Pharyngula

There are plenty of horrors to give us the heebie-jeebies, as you can learn in the 52nd Carnival of the Godless.

As for me, I’m going to be playing a mad scientist DJ on Tuesday, showing clips from horror movies at the Cafe Scientifique. I’ve been chopping and splicing all morning to get ready for it.

Comments

  1. #1 Ichthyic
    October 29, 2006

    Same as anyone else – watch cheesy horror movies

    indeed. a tradition for me for over 30 years now.

    I’m watching John Carpenter’s 1982 “The Thing” as I type this.

  2. #2 j.t.delaney
    October 30, 2006

    Joel Sax:

    PZ: I’ll start believing in scientists being victimized by these films when I stop seeing them drawing salaries for their researches in the weapons, minerals, and pharmaceuticals industries.

    Joel, I’ll make a deal with you: “we scientists” will all stop researching and educating, just as soon as you and the other 7 billion non-scientists agree to wallow in your own pathogen-laden shit and accept a 33-year lifespan — for you and everybody you care about. Science and engineering are the *only* way to feed, cloth, house, transport, and care for the 7 billion people we share this planet with, not to mention the next couple billion coming. Going back to the Dark Ages won’t make society any less prone to violence or inhumanity (that’s why it’s called “the Dark Ages”), and it certainly will not provide a way for that many people to live with a scrap of dignity.

    I think you have some unfortunate ideas about scientists, and it makes me think you haven’t met very many of us. First off, most of us are not rich, period. A professional research scientist working at the top of their game is pretty much going to earn a middle-class or maybe upper middle-class income — especially working for a big company. Really, the payscale isn’t that much different than a master plumber or electrician. Engineers certainly do better, but it isn’t until you get into management that you start to earn *real* money… but by then, you’re not really doing much hands-on “science”, per se.

    Back in the States, I used to work for a medical device company in the Twin Cities (which shall remain nameless.) On my first day, a old-time veteran in my lab taught me the phrase: “you don’t get rich in R&D”. Over the next five years, I found out how true this was. He and I, along with a few thousand other people, helped to launch a medical device to market that saves hundreds of thousands of lives every year (a drug loaded stent.) We worked incredibly long hours, and made great personal sacrifices to get that product out. Regrettably, our friends and family suffered, and a few people got divorsed as a result. Some couldn’t take it, and eventually burned out during that time. I have to admit ironically, I developed a bit of high blood pressure during this time (I was in my mid-twenties.) None of us expected to get rich, but we had our motivations for what we did: we knew that our product would make it possible for Grandma and Grandpa to stay around for a few more years and hug their grandkids, and that was far too beautiful of an idea to let go. We also knew that if it were successful, it would mean tens of thousands of jobs for our hometown on the far-flung edge of the Rust Belt. That was our motivation, we actually succeeded beyond our expectations, and I’m proud of the work we did.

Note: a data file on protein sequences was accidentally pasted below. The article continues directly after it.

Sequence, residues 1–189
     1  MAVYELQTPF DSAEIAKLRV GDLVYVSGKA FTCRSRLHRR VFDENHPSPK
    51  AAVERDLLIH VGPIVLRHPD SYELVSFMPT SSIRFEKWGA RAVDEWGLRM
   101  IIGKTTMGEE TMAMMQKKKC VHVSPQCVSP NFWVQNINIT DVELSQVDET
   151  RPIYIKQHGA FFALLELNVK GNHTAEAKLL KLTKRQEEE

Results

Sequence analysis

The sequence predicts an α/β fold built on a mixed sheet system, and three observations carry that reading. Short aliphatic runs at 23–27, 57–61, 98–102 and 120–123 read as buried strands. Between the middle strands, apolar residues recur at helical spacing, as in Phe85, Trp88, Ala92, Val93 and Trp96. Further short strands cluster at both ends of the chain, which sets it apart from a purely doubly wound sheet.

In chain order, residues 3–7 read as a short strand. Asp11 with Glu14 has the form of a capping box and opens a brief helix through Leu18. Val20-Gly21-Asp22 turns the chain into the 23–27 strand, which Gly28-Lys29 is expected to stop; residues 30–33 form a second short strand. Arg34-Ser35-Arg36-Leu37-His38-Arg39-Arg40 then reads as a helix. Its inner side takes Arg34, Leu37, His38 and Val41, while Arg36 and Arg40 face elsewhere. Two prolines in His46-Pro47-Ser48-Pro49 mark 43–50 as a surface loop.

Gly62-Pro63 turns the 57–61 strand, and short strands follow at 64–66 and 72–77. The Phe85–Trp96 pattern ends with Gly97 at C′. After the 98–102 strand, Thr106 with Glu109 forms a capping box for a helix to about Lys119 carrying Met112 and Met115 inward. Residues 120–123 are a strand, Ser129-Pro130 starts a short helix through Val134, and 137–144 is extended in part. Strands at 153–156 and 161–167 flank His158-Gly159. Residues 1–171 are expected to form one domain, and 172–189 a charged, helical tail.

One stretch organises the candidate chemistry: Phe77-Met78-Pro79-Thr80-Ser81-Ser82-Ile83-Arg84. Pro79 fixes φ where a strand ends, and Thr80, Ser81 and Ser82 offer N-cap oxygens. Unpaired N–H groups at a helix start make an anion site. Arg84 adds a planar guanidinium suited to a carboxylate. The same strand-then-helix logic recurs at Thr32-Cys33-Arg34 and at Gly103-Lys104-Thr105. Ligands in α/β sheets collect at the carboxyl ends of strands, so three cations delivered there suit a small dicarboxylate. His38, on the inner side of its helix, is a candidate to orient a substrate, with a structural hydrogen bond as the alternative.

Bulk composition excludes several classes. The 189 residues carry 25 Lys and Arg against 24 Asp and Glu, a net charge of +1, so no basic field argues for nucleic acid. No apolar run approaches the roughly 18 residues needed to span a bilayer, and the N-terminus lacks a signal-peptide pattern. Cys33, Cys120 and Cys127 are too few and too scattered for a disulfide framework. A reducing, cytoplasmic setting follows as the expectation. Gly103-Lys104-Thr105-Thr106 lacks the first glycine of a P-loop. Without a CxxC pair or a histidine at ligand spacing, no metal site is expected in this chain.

Scientists like Gould, Sagan and Dawkins wax poetically about the power of science to illuminate the world. For them, this is what makes them so passionate about science and education. However, for scientists like me, it’s the hope of making the world a better place to live. It’s the thought that something I do might be useful to thousands of people I’ll never meet, and maybe a few of them will wonder about who helped make it possible. The beauty of the cosmos is inspiring, but the fulfillment of a moral imperitive is what drives me.

    As for science mental illness, I think you are also a little uninformed. More than a couple scientists I have known suffer from unipolar and bipolar depression, as well as other infirmeries. Scientists are people like anybody else, and suffer the same illnesses and frailties as the the rest of the population. I think it is tragic for you to suggest that people with these conditions can’t also be good scientists — I’ve known some that have been truly brilliant. If it didn’t work out for you, I’m truly sorry; bipolar disorder can be debilitating, and my only suggestion is not to give up.

    Ultimately, all this animosity is being directed at the wrong people. Sure, scientists have made things like atom bombs possible, but it’s megalomaniacal religious clerics and politicians that made them necessary evils in the first place — they’re the real reason they were developed at all. It’s not so much a matter of money motivating scientists to do these things; they’re clever people, and could make more money doing something else. If anything, I’d say it’s a manipulation of their emotions. People are prone to do all sorts of things in the name of God and Country, and scientists are no exception. I can’t justify it all, but I think dehumanizing scientists and engineers that do military work does a disservice to the truth of why this research happens, and how to prevent future violence.

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